Innovation Drives Markets and the Maker of Financial Futures

Published January 18, 2010

Review of For Crying Out Loud: From Open Outcry to the Electronic Screen, by Leo Melamed
(Wiley, 2009, 343 pages, $39.95), ISBN: 978-0-470-22943-9

Leo Melamed created the financial futures market nearly 40 years ago, and in his new book he tells how the Chicago Mercantile Exchange became one of the world’s largest futures exchanges and a leader in providing risk management services.

In a word: innovation. The book describes “the Merc’s” singular drive to be the industry leader in both the products it offers and the efficiency of its services. It’s a testament to the strength of the Merc’s leadership and refusal to stand still.

The Chicago Mercantile Exchange was the first exchange to offer futures contracts for financial instruments, launching the International Monetary Market in 1971. Two decades later, CME Group launched Globex, the first global electronic trading platform, becoming the first futures exchange to move away from the open outcry system of trading to a new digital platform.  

These two landmark innovations were brainchildren of Melamed, now Chairman Emeritus of CME Group. They did not come about without opposition. In For Crying Out Loud: From Open Outcry to the Electronic Screen, Melamed discusses the transition of the Merc from its traditional open-outcry roots to the current electronic system of trading. Melamed describes from his firsthand experience the clashes of power and personality that defined the decade-long transition.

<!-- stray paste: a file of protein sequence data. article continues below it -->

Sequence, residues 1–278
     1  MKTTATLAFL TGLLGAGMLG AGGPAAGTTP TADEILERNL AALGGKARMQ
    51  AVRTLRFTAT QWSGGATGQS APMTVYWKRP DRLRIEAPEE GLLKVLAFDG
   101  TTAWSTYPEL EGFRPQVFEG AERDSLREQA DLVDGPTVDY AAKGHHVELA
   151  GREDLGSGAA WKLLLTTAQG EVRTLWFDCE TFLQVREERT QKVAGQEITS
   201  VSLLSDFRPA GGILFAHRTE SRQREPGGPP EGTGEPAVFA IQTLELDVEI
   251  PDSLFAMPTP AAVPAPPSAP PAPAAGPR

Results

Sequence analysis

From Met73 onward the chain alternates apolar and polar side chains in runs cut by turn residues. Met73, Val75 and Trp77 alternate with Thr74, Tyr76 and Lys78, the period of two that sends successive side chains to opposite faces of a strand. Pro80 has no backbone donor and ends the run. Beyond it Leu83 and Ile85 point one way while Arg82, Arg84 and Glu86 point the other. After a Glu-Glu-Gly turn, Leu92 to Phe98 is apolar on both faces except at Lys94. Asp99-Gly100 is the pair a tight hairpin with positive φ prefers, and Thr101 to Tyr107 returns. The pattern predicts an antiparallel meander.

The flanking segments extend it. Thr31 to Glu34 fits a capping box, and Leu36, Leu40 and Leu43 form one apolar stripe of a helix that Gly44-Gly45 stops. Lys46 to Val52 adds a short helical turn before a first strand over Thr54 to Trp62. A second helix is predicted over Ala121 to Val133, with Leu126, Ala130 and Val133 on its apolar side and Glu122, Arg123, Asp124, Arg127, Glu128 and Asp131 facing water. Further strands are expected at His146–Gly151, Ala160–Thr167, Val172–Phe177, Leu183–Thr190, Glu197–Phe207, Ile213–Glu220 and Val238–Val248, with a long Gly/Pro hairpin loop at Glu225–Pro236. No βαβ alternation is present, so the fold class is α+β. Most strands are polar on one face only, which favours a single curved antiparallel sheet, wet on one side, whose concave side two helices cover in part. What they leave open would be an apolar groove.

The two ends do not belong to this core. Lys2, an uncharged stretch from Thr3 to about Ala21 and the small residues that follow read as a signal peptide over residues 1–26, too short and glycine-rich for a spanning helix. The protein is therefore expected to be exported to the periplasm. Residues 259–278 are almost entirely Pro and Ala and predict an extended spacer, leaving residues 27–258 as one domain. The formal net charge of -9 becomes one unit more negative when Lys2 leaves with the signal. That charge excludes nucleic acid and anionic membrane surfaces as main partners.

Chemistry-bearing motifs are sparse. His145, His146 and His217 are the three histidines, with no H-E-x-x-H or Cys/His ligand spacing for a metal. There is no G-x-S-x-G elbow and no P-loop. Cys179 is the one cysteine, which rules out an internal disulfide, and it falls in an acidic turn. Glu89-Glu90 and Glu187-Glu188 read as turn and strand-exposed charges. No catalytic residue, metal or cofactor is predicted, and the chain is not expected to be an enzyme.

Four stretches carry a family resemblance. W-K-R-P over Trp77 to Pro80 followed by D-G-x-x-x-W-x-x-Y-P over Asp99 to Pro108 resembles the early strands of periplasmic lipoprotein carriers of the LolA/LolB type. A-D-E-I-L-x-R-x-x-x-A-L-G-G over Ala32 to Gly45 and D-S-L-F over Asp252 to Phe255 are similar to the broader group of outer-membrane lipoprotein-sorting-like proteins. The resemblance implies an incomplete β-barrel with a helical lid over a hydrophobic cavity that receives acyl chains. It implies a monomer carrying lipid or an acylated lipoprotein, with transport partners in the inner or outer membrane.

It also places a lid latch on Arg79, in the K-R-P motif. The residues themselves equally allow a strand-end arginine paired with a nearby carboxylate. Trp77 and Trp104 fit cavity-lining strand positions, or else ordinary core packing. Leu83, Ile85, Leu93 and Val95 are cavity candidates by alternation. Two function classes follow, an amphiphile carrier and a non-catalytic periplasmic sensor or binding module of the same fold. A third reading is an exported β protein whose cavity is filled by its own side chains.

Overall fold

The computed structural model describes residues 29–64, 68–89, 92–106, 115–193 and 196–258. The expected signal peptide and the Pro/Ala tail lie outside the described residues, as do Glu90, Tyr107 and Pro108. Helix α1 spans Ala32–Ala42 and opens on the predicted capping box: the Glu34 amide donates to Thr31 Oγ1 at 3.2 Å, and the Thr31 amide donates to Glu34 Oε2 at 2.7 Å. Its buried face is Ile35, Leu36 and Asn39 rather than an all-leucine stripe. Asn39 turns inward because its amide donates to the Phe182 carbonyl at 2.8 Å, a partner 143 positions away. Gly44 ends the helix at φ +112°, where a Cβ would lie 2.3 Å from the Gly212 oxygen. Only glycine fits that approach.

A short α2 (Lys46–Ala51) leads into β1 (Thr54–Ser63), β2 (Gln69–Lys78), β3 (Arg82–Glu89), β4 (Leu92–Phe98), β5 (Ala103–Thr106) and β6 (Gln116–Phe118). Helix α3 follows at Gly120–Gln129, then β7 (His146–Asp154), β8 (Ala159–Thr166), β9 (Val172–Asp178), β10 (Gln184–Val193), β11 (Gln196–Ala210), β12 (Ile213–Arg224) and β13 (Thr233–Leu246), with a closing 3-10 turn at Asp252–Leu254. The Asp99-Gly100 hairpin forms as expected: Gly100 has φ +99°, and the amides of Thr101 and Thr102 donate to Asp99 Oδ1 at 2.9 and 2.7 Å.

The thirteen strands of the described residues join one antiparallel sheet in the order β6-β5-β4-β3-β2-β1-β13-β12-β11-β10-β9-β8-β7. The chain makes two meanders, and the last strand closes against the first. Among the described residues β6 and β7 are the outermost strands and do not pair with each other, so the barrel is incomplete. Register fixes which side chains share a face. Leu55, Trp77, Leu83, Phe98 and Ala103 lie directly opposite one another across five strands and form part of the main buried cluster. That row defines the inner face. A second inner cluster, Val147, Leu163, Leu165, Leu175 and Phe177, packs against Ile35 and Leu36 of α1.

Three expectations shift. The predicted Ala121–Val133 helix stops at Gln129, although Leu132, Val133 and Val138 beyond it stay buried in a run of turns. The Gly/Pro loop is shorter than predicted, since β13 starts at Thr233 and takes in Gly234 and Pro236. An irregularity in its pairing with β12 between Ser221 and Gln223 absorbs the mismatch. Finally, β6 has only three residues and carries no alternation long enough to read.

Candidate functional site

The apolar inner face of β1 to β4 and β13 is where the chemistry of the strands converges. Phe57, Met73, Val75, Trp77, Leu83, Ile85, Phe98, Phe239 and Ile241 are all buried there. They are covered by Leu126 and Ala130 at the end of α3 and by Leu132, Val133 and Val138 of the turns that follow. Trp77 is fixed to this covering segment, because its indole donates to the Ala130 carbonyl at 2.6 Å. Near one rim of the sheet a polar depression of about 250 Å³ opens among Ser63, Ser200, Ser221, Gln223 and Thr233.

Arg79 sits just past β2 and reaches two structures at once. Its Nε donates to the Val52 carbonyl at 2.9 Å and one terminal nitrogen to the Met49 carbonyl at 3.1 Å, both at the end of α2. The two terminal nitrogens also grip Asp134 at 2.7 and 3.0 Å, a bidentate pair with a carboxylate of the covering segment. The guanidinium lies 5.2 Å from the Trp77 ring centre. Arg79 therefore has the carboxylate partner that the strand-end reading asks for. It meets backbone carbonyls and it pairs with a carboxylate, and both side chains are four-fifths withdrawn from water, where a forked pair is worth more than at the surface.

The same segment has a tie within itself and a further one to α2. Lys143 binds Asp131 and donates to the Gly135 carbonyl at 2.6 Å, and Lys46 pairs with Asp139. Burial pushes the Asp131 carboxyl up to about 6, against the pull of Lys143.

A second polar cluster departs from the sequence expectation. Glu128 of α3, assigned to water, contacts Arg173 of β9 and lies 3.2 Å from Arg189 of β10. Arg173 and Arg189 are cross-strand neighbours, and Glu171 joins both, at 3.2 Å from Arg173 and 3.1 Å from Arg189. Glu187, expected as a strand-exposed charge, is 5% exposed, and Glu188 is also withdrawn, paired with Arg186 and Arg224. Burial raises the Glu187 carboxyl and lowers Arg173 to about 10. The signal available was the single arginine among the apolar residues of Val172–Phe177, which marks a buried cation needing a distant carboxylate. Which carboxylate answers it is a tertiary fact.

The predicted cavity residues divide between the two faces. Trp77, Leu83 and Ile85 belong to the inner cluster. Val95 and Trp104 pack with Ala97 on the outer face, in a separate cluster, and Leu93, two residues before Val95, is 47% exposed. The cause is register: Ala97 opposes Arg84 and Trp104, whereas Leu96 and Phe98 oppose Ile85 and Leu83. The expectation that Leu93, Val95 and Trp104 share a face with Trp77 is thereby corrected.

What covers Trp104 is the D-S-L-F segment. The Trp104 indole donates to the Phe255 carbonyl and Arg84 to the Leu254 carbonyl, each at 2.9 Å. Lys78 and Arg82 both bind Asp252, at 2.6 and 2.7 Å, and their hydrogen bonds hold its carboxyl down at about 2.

Innovation, Growth
Guided by his belief that “The Firsteth with the Mosteth, Winneth” and his confidence in the future of electronic trading, Melamed fought against what the late Nobel Prize-winning economist Milton Freidman called “the tyranny of the status quo,” embodied in the Merc’s reliance on the open outcry system, an anachronism which Melamed believed left the CME dangerously vulnerable to competitors.

Through a combination of shrewd planning, strong teamwork, and great timing, Melamed and his colleagues were able to guide the Merc into a new, electronic era, staving off competitors and elevating the Merc to a new level of prominence.

Melamed’s other achievements recounted in the book include the Chicago Mercantile Exchange becoming the first publicly traded U.S. exchange, a historic merger with the Chicago Board of Trade, and, in 2008, the Merc’s acquisition of the New York Mercantile Exchange.

For Crying Out Loud is far from just a blow-by-blow account of Melamed’s fight for change. It provides an inside look at the relationships and battles that formed the new CME, stories that are not often found on the business page and that show the importance of creative thinking, the drive to excel, and the determination to meet and anticipate client needs.

Matthew Glans ([email protected]) is a legislative specialist in financial services for The Heartland Institute.